A Look at Some Effective Home Remedies

It’s probably a safe bet that most readers of Running & FitNews are big fans of evidence-based medicine that deploys well tested treatments shown to be effective through randomized clinical trials. Still, this is not to say that certain home remedies do not have a place on the treatment spectrum. Harvard Women's Health Watch executive editor Beverly Merz recently assembled information on home remedies that may save you money and help keep the doctor away. Certain conditions that aren’t deadly serious or that lack surefire cures are good candidates for home treatment. Here we look at some.

Advantages to home remedies
Home remedies are inexpensive. Even though prescription drugs and over-the-counter products may be available for some conditions, home remedies may also be effective at a fraction of the cost. For example, the price of a year’s supply of efinaconazole (Jublia), used to treat toenail fungus, is several thousand dollars. A tub of Vicks VapoRub—read on for details—is around $24.

Home remedies are also readily available when you need them. You may already have them in your kitchen cabinet or on your bathroom shelves. If not, they’re likely to be as close as the nearest 24-hour drugstore or supermarket.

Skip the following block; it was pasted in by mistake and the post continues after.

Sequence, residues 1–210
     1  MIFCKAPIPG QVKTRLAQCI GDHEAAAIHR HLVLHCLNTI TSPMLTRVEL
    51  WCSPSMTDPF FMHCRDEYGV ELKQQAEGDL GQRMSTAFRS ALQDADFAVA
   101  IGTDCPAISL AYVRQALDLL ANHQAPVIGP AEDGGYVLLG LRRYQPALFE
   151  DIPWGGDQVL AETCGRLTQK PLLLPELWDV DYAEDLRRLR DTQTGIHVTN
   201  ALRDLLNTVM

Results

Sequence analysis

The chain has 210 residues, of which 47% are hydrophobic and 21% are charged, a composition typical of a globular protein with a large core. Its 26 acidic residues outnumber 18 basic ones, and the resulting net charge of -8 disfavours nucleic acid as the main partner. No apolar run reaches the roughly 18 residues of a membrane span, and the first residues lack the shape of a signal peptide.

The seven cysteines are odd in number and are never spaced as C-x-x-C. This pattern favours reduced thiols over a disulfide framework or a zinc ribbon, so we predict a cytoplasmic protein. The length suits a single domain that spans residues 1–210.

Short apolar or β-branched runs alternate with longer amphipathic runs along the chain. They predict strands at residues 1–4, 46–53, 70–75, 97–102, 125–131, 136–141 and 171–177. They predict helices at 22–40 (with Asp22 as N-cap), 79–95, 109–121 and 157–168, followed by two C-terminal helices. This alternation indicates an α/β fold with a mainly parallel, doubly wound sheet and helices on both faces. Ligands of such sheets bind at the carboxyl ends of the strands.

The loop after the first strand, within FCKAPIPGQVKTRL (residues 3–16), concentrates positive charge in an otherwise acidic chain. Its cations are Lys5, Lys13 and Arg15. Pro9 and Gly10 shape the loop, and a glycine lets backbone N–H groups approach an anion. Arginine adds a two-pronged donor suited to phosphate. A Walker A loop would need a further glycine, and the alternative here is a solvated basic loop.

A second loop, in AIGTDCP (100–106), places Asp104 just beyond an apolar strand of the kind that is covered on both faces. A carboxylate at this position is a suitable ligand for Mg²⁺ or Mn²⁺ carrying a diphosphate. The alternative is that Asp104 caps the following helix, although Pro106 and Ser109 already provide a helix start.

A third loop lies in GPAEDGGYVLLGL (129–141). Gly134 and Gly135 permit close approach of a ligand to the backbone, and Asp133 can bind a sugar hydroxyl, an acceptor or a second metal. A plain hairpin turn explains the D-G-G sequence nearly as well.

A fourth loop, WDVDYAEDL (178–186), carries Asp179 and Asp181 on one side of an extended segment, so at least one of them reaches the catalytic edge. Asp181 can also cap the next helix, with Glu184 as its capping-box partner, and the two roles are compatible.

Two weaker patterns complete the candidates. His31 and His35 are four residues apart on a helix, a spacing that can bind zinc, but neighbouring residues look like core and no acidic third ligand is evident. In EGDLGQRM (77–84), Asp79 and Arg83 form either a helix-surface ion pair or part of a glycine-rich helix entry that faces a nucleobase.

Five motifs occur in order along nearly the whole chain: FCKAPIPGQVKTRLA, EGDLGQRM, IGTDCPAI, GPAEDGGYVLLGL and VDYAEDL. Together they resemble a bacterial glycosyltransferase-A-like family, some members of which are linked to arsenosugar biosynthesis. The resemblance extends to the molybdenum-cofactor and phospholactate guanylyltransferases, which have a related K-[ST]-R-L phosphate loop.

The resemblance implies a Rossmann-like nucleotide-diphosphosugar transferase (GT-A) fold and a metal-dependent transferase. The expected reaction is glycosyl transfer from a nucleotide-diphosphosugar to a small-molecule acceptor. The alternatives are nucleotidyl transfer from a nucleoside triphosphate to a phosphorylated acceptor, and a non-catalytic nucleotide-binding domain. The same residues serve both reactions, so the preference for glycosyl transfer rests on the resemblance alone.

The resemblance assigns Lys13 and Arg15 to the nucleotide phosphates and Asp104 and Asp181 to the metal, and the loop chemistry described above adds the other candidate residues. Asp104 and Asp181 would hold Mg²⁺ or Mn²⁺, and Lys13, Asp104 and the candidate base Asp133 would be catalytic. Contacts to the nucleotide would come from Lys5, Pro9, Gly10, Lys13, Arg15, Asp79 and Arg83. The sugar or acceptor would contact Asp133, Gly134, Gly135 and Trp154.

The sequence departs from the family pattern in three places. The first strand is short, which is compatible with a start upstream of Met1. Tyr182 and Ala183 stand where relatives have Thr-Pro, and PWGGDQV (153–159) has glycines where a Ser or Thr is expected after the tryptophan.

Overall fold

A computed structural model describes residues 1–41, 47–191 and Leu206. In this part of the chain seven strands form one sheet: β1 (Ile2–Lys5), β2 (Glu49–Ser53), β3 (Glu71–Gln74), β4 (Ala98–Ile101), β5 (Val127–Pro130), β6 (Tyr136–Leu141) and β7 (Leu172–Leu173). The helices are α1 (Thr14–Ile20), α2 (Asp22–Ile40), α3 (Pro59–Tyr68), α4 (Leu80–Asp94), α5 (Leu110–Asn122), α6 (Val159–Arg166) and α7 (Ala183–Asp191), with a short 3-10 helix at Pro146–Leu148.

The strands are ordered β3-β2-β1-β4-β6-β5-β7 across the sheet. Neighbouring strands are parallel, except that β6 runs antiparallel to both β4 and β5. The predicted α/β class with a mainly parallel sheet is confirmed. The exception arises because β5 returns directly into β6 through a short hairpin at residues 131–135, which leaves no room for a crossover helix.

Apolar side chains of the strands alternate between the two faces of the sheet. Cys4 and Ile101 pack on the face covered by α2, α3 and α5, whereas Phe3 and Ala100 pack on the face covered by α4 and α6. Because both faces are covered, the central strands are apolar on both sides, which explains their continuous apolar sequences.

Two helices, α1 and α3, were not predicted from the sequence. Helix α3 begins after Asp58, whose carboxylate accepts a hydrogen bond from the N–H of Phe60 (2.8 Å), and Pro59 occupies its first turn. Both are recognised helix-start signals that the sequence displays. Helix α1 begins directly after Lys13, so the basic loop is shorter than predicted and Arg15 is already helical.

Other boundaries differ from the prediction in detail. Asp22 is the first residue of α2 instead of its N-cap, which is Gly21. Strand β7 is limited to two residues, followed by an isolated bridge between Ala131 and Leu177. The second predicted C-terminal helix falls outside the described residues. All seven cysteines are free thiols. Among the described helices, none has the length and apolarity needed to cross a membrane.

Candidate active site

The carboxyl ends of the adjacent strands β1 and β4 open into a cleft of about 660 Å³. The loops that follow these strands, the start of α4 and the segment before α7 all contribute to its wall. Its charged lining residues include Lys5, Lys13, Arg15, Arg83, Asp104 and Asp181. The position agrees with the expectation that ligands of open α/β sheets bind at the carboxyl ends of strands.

Evidence of effectiveness
Hundreds of testimonials for a home remedy on the internet may provide some assurance that it may help and probably won’t hurt you, but evidence from a well-conducted scientific study is far preferable. For example, a small study published in the Journal of the American Board of Family Physicians in 2011 demonstrated that Vicks can help eliminate toenail fungus.

In that study, 15 of 18 volunteers with fungus-infected toenails had significant improvements, and five had complete eradications of the fungus, after daily applications of Vicks for a year.

And chicken soup as a cold remedy has undergone scientific scrutiny as well. A clinical study published in Chest in 1978 demonstrated that drinking chicken soup increased the flow of nasal mucus significantly more than drinking either hot or cold water.

The remedies listed below have been tested in clinical studies that have been published in peer-reviewed medical journals.

Some innocuous-seeming home remedies can have dangerous side effects. For example, baking soda dissolved in water, once recommended for relieving indigestion, has sent hundreds of people to the emergency room with electrolyte imbalances. If you’re taking any home remedy for an extended period, you may want to check with your doctor to see if there are any risks involved.

Harvard Health Blog, March 22, 2017, http://www.health.harvard.edu/blog/

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